In one of the many exit interviews Gen. David Petraeus has given as his command in Afghanistan comes to an end, he made the following statement: "No country has suffered more from Osama bin Laden and al-Qaida than Afghanistan."
This comment stopped me. Partly, it was the pat sweep of the superlative. But there was also a gratuitousness in his flipside demotion of the American experience since Osama bin Laden (OBL) and his gang first struck here nearly 10 years ago. The catastrophic terror attacks of 9/11 on our political and economic centers caused, and still cause, an extremely deep and aching degree of suffering.
The attacks also marked the beginning of a decade-long American crack-up, a self-ignited meltdown of reason and judgment that blinded us to the markers of global jihad across the Western world. As a result of this meltdown, our see-no-Islam leadership has sent armies to fight endless, foundationally flawed wars of impossible conquest -- Muslim hearts and minds -- through gross expenditures of lives and materiel. More than any one person's, this policy is Petraeus' policy. But even at this retrospective moment in his career, he doesn't have to answer for it because neither he nor it is ever even questioned.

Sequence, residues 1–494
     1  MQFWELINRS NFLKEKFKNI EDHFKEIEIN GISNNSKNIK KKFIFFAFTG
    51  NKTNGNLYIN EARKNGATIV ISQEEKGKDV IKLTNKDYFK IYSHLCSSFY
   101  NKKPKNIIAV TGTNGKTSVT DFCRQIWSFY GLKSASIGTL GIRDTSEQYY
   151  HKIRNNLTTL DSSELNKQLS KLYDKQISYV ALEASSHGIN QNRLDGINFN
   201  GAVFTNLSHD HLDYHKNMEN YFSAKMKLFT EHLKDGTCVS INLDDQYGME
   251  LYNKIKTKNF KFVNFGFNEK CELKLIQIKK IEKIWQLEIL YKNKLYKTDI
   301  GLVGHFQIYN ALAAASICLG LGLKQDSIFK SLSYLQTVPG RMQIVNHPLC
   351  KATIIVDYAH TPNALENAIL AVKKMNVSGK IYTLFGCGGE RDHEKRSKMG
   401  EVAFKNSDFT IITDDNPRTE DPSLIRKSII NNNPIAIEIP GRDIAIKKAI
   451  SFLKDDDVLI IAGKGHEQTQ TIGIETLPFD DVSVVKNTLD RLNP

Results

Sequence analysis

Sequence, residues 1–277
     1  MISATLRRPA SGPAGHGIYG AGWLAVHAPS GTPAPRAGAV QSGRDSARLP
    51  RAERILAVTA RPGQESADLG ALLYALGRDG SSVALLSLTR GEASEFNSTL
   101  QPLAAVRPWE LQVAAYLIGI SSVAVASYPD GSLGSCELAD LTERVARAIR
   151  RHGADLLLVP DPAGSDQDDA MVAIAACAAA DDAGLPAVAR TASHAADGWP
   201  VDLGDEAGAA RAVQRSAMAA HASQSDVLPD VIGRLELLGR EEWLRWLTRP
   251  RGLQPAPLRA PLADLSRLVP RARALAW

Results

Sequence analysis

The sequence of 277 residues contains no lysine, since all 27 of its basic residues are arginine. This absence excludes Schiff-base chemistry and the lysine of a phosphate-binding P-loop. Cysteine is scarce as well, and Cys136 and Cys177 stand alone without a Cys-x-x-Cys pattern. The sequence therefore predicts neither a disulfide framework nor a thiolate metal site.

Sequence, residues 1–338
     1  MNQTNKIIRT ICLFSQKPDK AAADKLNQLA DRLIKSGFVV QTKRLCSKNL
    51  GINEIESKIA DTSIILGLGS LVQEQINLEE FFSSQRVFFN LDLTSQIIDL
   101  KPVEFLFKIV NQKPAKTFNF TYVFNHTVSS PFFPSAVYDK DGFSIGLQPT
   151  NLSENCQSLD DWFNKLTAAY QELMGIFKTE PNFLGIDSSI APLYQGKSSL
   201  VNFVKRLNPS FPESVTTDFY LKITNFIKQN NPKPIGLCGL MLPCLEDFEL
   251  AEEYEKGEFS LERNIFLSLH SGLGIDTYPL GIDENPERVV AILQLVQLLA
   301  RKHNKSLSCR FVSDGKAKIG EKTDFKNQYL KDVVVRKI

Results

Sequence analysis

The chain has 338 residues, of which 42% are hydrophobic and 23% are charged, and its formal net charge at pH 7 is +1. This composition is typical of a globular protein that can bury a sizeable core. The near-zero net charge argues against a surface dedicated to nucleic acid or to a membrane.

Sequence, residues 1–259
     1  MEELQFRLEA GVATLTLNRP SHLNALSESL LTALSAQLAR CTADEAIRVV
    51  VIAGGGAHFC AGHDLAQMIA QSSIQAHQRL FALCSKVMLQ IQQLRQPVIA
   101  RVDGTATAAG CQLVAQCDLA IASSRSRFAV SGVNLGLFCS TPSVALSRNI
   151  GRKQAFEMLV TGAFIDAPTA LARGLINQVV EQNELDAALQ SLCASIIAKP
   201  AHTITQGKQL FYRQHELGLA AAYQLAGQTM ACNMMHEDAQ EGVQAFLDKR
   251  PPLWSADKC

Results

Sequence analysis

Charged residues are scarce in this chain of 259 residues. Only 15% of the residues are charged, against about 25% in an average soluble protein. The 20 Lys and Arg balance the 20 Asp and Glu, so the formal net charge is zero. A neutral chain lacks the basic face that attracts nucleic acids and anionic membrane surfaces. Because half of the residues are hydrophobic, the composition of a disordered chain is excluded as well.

Not even when Petraeus slips in a new U.S. objective, as he did in another recent interview. Our objective, he explained, "is Afghans able to secure and govern themselves with some continued level of support." With some continued level of support? Forever? Not so long ago, the U.S. objective was Afghans securing and governing themselves, period. That ain't gonna happen. Plan B seems to bump up Afghanistan to a permanent multi-trillion-dollar giveaway program, a new lockbox of untouchable entitlement.
Paul Avallone, an Afghan war veteran who later returned to Afghanistan as a photojournalist, emailed me that what bothered him most about Petraeus' salute to Afghan suffering was that Afghanistan, more than anyone else, had actually gained from 9/11.
"I came to that conclusion during my first stay in Afghanistan (combat in '02-'03)," Paul writes. He realized that everything the U.S.-led coalition was doing, from freeing people from the Taliban to feeding them, was an Afghan benefit. Nothing has changed. "Start anywhere you want," he continues. "Roads. Electricity. Food. Medicine. Whatever it is that billions of dollars per year are buying."
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